Rome opens up exorcism course to all major Christian faiths to fight rising demonic forces

by Leonardo Blair |

(Photo: Reuters/Stefano Rellandini)Saint Peter's Basilica is pictured at the Vatican March 7, 2013.

For the first time in 14 years, the Roman Catholic Church has opened up its annual exorcism class in Rome to all major Christian faiths in a bid to stem the rising tide of demonic forces around the world.

"The idea is to help each other, to establish best practices if you will," Father Pedro Barrajon, 61, one of the organizers of the 14th edition of the "Course on Exorcism and Prayer of Liberation," taking place at the Pontifical University of Regina Apostolorum, told the Telegraph. "This is the first time that different denominations have come together to compare their experiences on exorcisms."

The one week course which is taught in Italian at a cost of approximately $450 is being held May 6- 11.

It is described as the first course in the world that proposes careful academic and interdisciplinary research of exorcisms.

"Expelling the devil goes back to the earliest origins of the Christian Church," Barrajon said. "The Catholic rite is very structured, whereas some of the other churches are more creative, they don't use a precise format."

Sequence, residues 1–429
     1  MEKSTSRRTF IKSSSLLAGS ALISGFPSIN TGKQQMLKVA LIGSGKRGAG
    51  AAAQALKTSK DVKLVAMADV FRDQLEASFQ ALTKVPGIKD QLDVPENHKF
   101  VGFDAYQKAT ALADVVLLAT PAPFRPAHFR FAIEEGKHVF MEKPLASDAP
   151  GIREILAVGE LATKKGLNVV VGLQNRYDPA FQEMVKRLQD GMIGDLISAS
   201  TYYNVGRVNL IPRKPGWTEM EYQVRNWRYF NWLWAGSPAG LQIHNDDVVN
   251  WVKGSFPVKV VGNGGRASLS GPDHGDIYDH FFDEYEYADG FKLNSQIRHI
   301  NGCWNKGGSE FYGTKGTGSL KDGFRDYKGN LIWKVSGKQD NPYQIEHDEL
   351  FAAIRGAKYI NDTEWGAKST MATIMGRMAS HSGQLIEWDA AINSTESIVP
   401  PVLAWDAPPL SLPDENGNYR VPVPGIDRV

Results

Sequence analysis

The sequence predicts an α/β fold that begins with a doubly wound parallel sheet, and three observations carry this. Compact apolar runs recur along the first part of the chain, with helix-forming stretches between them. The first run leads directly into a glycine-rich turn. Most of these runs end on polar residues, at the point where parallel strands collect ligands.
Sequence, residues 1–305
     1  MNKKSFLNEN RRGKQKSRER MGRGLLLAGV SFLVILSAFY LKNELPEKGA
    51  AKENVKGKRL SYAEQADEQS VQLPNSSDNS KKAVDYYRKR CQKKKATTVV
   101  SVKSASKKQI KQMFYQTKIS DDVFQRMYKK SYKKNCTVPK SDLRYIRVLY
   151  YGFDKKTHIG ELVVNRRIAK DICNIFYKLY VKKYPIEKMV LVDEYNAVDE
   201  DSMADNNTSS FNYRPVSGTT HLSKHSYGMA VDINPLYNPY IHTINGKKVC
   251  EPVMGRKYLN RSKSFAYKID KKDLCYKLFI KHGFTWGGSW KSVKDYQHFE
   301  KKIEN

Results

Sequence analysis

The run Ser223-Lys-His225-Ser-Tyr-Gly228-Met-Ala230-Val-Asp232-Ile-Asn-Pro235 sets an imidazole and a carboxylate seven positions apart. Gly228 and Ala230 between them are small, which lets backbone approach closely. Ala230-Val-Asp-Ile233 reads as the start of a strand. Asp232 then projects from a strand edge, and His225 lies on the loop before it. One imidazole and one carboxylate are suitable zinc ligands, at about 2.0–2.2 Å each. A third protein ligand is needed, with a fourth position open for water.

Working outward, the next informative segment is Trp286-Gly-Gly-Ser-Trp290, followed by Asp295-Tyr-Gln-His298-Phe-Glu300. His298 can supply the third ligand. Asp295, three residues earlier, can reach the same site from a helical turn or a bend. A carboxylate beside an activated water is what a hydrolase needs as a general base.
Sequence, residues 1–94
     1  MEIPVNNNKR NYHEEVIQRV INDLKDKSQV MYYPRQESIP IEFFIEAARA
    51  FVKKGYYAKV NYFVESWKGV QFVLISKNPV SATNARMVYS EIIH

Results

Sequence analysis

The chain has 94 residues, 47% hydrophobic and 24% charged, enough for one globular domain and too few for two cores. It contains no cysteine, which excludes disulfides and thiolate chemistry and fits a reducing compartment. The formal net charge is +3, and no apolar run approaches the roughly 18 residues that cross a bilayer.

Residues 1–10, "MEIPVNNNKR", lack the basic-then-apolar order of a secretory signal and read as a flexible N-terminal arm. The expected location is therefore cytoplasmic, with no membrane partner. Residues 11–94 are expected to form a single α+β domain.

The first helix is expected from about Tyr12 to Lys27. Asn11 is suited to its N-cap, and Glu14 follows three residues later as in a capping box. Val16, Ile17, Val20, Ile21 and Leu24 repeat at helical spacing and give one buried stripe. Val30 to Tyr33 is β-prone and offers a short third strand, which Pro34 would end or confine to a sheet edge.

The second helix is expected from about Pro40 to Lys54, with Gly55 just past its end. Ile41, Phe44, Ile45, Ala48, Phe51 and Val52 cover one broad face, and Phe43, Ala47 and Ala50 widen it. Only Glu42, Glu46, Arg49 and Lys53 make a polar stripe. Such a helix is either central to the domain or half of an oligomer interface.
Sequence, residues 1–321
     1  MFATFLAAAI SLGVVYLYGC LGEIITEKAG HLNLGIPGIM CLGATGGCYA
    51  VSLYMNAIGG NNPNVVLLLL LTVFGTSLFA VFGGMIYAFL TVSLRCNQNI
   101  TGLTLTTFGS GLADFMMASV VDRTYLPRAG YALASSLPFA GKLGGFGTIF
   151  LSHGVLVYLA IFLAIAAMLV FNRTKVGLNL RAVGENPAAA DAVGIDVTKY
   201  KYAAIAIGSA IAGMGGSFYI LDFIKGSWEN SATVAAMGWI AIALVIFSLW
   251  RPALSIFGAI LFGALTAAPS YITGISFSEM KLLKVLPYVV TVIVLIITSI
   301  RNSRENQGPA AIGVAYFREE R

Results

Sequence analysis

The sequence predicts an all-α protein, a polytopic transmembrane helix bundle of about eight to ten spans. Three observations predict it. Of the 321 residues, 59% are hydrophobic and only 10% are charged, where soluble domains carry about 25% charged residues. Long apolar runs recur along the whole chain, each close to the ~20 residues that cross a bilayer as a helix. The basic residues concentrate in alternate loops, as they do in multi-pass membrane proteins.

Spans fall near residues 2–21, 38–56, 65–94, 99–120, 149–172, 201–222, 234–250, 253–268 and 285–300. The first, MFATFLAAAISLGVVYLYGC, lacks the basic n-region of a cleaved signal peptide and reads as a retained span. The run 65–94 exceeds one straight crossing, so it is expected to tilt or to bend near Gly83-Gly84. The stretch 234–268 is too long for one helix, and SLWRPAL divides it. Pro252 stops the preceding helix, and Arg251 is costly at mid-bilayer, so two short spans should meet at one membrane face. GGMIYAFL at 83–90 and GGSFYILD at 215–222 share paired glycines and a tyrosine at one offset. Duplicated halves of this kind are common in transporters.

More than 241 people, both lay and religious, from more than 40 countries signed up for the course this year, Crux Now reported.

"I'm here to understand the Catholic perspective. We are fighting the same enemy in the name of the Lord, even if there are some parts of the Anglican Church that have lost belief in Satan," course participant Benjamin McEntire, a Protestant priest from Alaska, said.

They all agree that growing secularization has led to a proliferation of satanic groups, especially among young people through social media.

"Many young people display a certain attraction and interest toward themes tied to esotericism, magic, the occult, Satanism, witchcraft, vampirism and contact with a presumed supernatural world," Italian Professor Giuseppe Ferrari, founder and secretary of the "Social and Religious Research and Information Group," said during his introductory speech at the event.

"Some end up accepting as spiritual leaders these characters who, while proposing a flawed liberty and false freedom, only aim at taking hold of their existence," he explained.

While critics of the course have argued that the study of exorcism has no place in modern society, organizers of the event have emphasized a multidisciplinary approach to exorcism that tackles psychology, medicine, law, sociology and criminology in order to help students better understand the changing dynamics and reality of Satanism.

"This view [that exorcisms has no place in modern society] not only displays ignorance and a restricted view of reality, but underlines the conditioning by ideologies that tag as superstition everything that eludes their preconstructed schemes," Ferrari said of critics.

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